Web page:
Screengrab of Seumboy Vrainom :€’s Instagram page.
Instagram/seumboy.

In French schools, Seumboy Vrainom :€ recalled, the only education he had about racism referred to American history, as though French and European colonization had never happened. In Histoires Crépues he analyzes such topics as Africa’s debt, police violence, and racist monuments, showing how French colonial history still shapes society—all while avoiding American and African-American concepts as sole references.
Another example of an alternative digital space is Qalqalah قلقلة, a curatorial platform founded by independent curators Virginie Bobin and Victorine Grataloup in reaction to “a political and intellectual context and media coverage marked by reactionary, authoritarian, and discriminatory speeches and acts.” Dedicated to the production, translation, and circulation of artistic, theoretical, and literary research in French, Arabic, and English, the site’s online editorial space launched in March with the mission, as expressed by writer and theorist Sarah Rifky, to expand beyond “monolingual activists.”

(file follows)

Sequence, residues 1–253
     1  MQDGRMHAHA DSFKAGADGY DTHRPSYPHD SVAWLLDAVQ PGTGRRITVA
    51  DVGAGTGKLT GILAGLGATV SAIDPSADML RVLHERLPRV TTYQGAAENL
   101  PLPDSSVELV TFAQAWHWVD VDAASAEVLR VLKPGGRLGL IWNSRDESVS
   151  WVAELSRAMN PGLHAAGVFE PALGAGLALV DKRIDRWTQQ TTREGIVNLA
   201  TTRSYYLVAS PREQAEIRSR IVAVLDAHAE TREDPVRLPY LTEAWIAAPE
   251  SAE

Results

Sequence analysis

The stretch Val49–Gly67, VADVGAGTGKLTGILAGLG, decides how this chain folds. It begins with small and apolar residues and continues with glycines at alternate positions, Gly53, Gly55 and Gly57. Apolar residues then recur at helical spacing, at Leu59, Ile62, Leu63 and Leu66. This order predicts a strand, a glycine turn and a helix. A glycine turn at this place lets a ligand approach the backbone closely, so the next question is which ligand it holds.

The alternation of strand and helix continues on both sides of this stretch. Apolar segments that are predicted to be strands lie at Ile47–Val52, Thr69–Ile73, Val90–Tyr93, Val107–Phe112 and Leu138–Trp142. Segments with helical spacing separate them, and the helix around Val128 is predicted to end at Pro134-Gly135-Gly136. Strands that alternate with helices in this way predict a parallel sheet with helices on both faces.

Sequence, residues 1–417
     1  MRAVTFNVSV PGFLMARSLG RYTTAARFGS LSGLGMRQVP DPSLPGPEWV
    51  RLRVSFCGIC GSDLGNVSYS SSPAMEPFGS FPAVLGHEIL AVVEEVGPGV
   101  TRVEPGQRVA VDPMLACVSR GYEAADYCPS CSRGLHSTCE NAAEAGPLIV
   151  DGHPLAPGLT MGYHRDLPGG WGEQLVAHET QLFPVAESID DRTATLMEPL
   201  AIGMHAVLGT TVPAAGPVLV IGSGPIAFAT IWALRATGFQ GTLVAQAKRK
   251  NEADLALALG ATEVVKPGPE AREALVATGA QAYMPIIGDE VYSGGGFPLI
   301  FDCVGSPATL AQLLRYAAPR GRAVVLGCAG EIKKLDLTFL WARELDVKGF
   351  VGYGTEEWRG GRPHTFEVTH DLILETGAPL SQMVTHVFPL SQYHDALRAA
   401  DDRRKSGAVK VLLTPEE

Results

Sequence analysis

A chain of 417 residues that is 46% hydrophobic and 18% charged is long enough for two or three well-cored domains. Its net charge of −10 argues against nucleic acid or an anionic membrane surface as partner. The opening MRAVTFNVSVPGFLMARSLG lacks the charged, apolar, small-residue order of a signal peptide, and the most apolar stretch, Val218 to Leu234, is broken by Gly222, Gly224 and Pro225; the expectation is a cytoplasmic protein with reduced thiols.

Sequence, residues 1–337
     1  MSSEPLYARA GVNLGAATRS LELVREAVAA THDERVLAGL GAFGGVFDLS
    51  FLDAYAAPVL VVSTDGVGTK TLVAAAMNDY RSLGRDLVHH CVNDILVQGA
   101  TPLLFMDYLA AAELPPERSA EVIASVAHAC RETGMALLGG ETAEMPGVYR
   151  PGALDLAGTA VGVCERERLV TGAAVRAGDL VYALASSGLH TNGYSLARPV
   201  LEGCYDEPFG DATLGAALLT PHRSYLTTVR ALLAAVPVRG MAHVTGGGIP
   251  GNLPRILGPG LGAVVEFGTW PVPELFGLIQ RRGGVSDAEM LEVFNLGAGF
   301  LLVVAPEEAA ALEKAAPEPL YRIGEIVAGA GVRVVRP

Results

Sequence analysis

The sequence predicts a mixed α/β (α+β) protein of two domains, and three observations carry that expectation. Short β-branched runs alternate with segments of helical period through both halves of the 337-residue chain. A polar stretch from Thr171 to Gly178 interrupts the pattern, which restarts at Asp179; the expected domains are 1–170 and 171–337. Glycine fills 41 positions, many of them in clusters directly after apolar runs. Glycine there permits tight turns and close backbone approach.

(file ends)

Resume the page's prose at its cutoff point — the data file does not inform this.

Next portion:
Initiatives of the sort show how a younger generation continues to move beyond universalism by encouraging alternative, collective discourse and by refusing to surrender to total legibility. The pandemic allowed nimble experimentation to take place, as state-run institutions struggled to adapt.
It has also made only more clear the importance of Mbembe’s “universal right to breathe.” The global crisis, he writes, should be an opportunity to “reclaim the lungs of our world.” To do so, the voices of those already suffocating should be those we listen to more and more. For all of us, this is vital if we are to survive.
A version of this article appears in the Winter 2021 issue of ARTnews, under the title “Breathe In, Breathe Out.”